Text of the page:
Senate Votes to Revoke Department of Labor Guidance on State-Run Retirement Plans for Private Sector Employees

By Trevor Holmes and Dan Salemi - Franczek Radelet P.C.

May 18, 2017

In yet another move to roll-back regulatory guidance issued during the Obama administration, earlier this month the U.S. Senate voted to revoke a final rule and associated interpretive guidance that the Department of Labor issued in 2016 that would have made it easier for states to set up state-sponsored retirement plans for private sector employees. The House has already passed its own legislation revoking the rule, and President Trump is expected to sign the legislation that the Senate recently passed. 

A number of states, including Illinois, have recently adopted legislation aimed at expanding access to retirement savings for private sector workers who do not have access to a workplace retirement plan.  Illinois, for example, adopted the Secure Choice Savings Program (“Illinois Secure Choice”) which would require Illinois employers with at least 25 employees that otherwise do not sponsor a retirement program to automatically remit 3% of each employee’s pay to a state-run defined contribution savings plan.

As numerous states adopted similar state-run retirement initiatives for private-sector employees, state legislators became concerned that these programs would be covered by federal retirement plan law, which may, among other things, make participating employers fiduciaries under Title I of the Employee Retirement Income Security Act (“ERISA”). In response, on August 30, 2016, the U.S. Department of Labor issued a final rule and interpretive guidance that relieved these state-run plans (and the employers required to participate in them) of the fiduciary requirements set forth in Title I of ERISA, as long as the program meets a number of requirements to limit employer involvement. The final guidance did not completely insulate these programs from lawsuits in federal court under ERISA, but the guidance did offer states some assurance that these initiatives would be exempt from ERISA if challenged in federal court.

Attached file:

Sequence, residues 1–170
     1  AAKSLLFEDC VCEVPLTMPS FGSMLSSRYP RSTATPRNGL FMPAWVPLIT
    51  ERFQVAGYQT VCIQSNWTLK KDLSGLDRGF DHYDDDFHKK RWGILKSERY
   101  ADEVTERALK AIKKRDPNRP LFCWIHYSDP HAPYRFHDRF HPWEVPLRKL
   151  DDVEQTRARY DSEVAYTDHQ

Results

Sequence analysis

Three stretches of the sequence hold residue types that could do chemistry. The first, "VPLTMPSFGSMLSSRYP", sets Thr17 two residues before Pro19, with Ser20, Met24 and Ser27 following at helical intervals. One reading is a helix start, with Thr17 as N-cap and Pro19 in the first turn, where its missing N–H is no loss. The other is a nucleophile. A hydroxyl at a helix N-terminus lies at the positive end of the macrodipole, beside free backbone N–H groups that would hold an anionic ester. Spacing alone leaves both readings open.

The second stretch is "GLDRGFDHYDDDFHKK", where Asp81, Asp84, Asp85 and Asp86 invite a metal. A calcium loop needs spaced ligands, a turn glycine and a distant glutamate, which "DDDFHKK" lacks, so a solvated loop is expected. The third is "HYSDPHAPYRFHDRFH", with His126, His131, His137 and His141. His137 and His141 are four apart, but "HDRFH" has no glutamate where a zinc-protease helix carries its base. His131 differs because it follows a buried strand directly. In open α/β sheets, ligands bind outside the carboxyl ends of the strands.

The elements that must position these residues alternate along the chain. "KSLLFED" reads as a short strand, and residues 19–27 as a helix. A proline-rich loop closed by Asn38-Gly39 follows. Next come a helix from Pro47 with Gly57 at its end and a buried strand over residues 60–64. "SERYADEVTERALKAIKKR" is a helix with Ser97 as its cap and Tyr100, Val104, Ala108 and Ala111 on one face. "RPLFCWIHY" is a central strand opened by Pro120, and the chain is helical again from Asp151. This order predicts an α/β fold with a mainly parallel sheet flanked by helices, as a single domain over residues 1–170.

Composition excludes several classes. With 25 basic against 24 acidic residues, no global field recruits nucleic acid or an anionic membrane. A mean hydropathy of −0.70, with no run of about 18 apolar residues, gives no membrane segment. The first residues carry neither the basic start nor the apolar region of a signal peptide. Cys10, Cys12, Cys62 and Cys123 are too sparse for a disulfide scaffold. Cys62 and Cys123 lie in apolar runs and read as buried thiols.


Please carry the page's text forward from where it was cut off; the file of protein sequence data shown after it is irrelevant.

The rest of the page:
Notwithstanding the Senate’s revocation of the DOL guidance, Illinois officials have confirmed that they will continue to take steps to implement Illinois Secure Choice. We anticipate that the Illinois State Treasurer’s office will continue to issue guidance on the roll-out of the program in upcoming months.

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